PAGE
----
The new climate outlook prepared by the U.S. Climate Prediction Center and Columbia University’s International Research Institute (IRI) for Climate & Society predicted the odds @ 65% for a more violent hurricane season.

Like El Nino, La Nina can cause a significant influence on global weather conditions. It is possible the upcoming transition from El Nino to La Nina will be quick, slightly favoring La Nina developing this summer, according to Emily Becker, a scientist @ the Climate Prediction Center (CPC) in Maryland.

If La Nina kicks in early enough, it will likely allow for more active hurricane season in the Atlantic Ocean compared with 2015. La Nina is characterized by cooler-than-average ocean conditions, where as El Nino events are recognized by unusually warmer ocean temperatures.

According to the CPC, there have been 14 La Nina event since 1950, while El Nino events have occurred 23 times during the same period.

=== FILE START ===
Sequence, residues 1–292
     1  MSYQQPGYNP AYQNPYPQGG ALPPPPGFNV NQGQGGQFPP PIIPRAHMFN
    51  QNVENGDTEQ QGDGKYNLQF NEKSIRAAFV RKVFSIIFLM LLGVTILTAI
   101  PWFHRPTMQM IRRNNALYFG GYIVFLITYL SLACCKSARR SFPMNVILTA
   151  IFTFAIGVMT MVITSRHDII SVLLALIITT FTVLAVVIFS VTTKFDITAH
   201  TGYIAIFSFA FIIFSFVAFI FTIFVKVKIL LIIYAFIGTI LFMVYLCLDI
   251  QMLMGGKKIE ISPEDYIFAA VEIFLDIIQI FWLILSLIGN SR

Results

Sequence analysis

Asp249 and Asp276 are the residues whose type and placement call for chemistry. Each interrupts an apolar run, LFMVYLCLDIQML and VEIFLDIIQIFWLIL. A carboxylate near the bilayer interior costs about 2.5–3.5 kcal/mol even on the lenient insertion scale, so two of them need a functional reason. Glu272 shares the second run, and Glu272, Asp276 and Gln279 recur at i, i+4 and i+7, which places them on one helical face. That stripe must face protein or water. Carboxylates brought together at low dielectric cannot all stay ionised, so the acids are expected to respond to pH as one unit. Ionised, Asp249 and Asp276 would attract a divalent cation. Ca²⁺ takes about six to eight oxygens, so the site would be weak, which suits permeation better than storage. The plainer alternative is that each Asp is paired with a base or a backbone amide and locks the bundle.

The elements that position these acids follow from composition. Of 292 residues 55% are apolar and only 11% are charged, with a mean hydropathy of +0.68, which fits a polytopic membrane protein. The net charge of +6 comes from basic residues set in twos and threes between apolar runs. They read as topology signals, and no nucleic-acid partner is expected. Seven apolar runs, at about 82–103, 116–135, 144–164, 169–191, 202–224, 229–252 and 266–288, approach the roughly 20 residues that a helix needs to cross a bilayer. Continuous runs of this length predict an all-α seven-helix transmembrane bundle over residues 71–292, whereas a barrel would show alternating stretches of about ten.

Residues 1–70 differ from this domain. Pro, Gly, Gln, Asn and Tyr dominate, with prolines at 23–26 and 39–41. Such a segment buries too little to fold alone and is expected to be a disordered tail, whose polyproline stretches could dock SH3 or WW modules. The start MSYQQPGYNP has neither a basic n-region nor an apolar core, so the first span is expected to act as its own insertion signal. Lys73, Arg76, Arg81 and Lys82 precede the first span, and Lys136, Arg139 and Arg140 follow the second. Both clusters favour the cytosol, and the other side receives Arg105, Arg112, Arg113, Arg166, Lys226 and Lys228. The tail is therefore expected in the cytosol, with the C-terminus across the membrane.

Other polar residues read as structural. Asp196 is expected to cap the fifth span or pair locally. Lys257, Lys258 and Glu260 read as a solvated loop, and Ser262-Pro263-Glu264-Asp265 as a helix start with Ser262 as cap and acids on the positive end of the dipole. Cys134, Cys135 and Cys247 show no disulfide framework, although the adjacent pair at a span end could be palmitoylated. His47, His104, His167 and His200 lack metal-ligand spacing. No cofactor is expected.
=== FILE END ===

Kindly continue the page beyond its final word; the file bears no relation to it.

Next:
Not every El Nino event is followed by a swing to La Nina conditions. However the CPC stated that some strong El Nino’s have been succeeded by major La Nina events, as occurred after the 1997-98 El Nino.

The cutting down of our last rainforests in Asia (Indonesia), Africa (Congo) and South America (Brazil) contribute to changing weather patterns. One square acre in Brazil has more plant diversity than the entire European continent all together.

The destroyed land of the rainforests are mostly used for agricultural modified commercial designs, which in return are responsible for higher global food prices.

Mashable.com / Crickey Conservation Society.

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